Today, the eve of Yom HaShoah, Israel’s Holocaust Remembrance Day, is a fitting time to note all the depressing news that has been happening lately.
First and foremost is the very bad news that the Palestinian Authority (the PA) – officially the “moderate” or “good” Palestinians of the West Bank – have entered into a unity pact with the terrorists of Hamas. I hardly know where to start in analysing the implications of this pact; certainly people more expert and more articulate than me have done this already. What I will do is point you in their direction and you can read for yourselves. I welcome your input in the comments.
The only opinion I will voice on this subject is that it is definitely not good for the Jews. Firstly, because former President Jimmy Carter says it’s a good thing. If Carter approves of anything, you can be sure it’s bad for Israel and the West. Secondly, according to the terms of the deal, Hamas insists that Salam Fayyad, the PM of the PA, generally considered moderate and possibly amenable to negotiations with Israel, must go. (Hat tip: Elder of Ziyon). The PA freely admit that the driving force behind the unity deal was to enable them to gain recognition for an independent state at the UN.
Vice Premier Sylvain Shalom says “Unity deal will create a state run by Hamas and Iran”.
Melanie Phillips compares the unity deal to the Molotov-Ribbentrop Pact.
As usual opposition leader Tzippi Livni blames PM Netanyahu for our enemies’ actions.
At least a smidgen of sensible activity on the part of our government: Israel has suspended payment of tax revenues to the Palestinians in the wake of the unity pact with Hamas. However Salam Fayyad (he who is supposed to go under the terms of the deal) brags that Israel’s sanctions won’t stop the deal.
Another little light in the darkness: US lawmakers warn against PA-Hamas unity. Perhaps threats from the US will be more effective than those from Israel. (I’m not holding my breath though).
Meanwhile, lest we forget the Glorious Arab Spring™, the Egyptians are starting to renege on their agreements with Israel. First to go is the closure of the Gaza border: the Egyptians have said they will permanently open the border, thereby enabling mass movement of Hamas terrorists and huge amounts of armaments into Gaza.
To our north, the news from Syria goes from bad to worse, with troops firing on protestors, parliamentarians quitting the Ba’ath Party, thousands of people fleeing across the border to Lebanon and tanks besieging the city of Deraa.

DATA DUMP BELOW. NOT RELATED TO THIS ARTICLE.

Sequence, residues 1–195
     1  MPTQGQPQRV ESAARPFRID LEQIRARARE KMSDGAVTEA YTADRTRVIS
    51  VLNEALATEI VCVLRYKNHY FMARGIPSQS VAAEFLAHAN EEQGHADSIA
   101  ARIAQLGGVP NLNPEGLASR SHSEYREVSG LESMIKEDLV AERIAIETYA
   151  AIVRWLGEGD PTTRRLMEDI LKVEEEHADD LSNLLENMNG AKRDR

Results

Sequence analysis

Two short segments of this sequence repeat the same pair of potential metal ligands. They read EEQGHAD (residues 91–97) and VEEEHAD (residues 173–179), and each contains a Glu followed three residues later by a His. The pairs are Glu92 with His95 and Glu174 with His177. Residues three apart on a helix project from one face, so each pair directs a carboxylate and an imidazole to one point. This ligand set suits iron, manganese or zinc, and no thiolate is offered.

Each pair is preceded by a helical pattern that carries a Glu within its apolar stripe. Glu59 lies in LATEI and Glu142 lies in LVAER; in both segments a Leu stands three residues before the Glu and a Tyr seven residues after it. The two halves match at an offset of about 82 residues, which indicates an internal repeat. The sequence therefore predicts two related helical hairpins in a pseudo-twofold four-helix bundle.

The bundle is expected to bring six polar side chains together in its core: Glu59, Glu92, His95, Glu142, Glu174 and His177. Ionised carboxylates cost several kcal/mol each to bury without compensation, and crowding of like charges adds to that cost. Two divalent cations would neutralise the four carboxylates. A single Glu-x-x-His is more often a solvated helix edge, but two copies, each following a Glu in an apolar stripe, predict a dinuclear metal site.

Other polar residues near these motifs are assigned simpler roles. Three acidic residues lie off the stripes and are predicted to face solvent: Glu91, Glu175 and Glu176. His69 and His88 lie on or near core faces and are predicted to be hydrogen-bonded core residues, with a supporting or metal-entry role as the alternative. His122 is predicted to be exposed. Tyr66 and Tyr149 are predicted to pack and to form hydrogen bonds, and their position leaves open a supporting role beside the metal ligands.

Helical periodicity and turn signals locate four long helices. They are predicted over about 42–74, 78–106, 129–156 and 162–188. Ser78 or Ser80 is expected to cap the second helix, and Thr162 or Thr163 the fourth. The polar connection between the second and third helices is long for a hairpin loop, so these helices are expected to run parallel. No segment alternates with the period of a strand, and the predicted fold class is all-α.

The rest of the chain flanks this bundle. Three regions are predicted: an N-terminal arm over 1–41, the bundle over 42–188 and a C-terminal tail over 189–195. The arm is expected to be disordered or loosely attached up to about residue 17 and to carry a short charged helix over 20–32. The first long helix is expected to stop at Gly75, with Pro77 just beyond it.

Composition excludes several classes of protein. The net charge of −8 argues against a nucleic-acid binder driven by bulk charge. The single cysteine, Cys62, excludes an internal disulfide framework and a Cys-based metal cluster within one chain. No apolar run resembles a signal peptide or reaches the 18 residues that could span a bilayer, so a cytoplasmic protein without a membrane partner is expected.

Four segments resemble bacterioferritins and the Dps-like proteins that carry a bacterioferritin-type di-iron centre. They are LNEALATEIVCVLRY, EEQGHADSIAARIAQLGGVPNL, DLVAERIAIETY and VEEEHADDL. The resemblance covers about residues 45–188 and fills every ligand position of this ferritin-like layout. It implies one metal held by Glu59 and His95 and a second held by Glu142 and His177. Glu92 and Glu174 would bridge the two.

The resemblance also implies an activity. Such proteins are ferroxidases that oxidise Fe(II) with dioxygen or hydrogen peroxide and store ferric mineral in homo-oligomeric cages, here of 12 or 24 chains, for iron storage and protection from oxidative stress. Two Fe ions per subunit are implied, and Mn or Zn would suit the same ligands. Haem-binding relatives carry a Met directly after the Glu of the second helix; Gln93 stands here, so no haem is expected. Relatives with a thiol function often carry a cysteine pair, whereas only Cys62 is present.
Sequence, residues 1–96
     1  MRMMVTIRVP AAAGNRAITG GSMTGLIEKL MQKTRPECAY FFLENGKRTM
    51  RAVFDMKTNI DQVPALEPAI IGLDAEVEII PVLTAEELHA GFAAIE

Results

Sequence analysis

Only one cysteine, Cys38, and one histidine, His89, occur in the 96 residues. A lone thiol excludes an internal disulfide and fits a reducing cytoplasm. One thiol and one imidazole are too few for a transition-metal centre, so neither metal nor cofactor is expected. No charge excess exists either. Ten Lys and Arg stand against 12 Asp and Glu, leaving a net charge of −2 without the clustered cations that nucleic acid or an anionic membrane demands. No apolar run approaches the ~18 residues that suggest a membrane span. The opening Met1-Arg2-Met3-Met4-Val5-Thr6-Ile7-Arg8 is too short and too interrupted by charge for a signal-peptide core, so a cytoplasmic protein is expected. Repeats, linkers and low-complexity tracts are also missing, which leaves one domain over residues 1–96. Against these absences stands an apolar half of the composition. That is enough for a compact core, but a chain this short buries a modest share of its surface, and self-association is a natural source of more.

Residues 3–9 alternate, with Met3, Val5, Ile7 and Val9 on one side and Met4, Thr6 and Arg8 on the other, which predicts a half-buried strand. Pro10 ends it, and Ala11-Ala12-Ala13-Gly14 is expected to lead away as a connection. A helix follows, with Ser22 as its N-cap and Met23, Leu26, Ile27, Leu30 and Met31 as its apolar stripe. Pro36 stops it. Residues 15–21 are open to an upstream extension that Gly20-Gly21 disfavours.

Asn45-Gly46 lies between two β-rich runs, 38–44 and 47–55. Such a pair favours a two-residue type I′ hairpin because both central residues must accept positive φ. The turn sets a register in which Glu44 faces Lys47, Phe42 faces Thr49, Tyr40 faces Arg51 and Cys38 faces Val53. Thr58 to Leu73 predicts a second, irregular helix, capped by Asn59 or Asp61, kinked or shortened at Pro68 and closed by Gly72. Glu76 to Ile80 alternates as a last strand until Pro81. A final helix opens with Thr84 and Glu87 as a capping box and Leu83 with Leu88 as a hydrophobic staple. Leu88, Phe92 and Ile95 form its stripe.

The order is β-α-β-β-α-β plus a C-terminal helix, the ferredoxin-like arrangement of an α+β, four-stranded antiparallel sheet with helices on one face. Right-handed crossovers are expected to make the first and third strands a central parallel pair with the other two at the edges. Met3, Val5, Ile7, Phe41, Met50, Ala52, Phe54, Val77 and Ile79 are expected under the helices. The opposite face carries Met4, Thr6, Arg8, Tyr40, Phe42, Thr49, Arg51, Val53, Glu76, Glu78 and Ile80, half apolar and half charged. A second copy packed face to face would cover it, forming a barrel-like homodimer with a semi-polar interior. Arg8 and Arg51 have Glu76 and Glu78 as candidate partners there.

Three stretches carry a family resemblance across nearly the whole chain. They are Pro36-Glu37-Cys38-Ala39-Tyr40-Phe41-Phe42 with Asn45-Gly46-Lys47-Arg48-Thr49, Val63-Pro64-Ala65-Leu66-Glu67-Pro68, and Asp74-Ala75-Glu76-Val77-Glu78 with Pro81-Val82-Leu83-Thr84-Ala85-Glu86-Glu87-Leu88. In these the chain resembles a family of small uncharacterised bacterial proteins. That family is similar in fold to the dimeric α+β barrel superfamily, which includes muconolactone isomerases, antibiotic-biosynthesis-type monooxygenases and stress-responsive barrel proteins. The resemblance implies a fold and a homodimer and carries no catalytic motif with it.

The war in Libya, meanwhile, is limping along, with reports emerging that NATO have killed Ghaddafi’s son and 3 children.
The uniting factor in all these stories is that they highlight the instability of the Arab regimes in the middle east, the incompetence and self-interest of Western powers, and the antisemitism that always lurks just beneath the surface of Arab regimes, if it is not overtly shown by groups like Hamas and Hezbollah.
Every time Israel is pressured to “make concessions”, “just stop building settlements and all will be peaceful”, “why can’t you give in to those peace-loving moderate Palestinians?” we need to remember what this instability shows: that even a 30-year peace treaty can be overturned in a mater of days; that a border closed by agreement to prevent terrorists entering Israel or its neighbours can be reopened by a wave of the hand; that even treaties inimical to the interests of the Arabs themselves can nevertheless be created and signed in a matter of weeks simply in order to trap Israel. After all, they have always been their own worst enemies. The Palestinians don’t really want to construct a state of their own – they want to destroy the state that we have. They could almost be called political suicide bombers.
On this day before Yom HaShoah, when we commemorate the millions who died because there was no Independent State of Israel to take them in, no IDF to rescue them, we must remind ourselves to be strong in the face of worldwide hectoring, not to give in to well-meaning but incompetent foreign bureaucrats, to remember that states act in their own self-interest and nobody else’s, and not to trust our security and our country to anyone but ourselves.
Most importantly, we must have בטחון in Hashem – to trust in G-d that although His ways are mysterious and unknown to us, to believe that He is moving the chess-pieces on his universe-sized board in order to bring peace and safety to His people.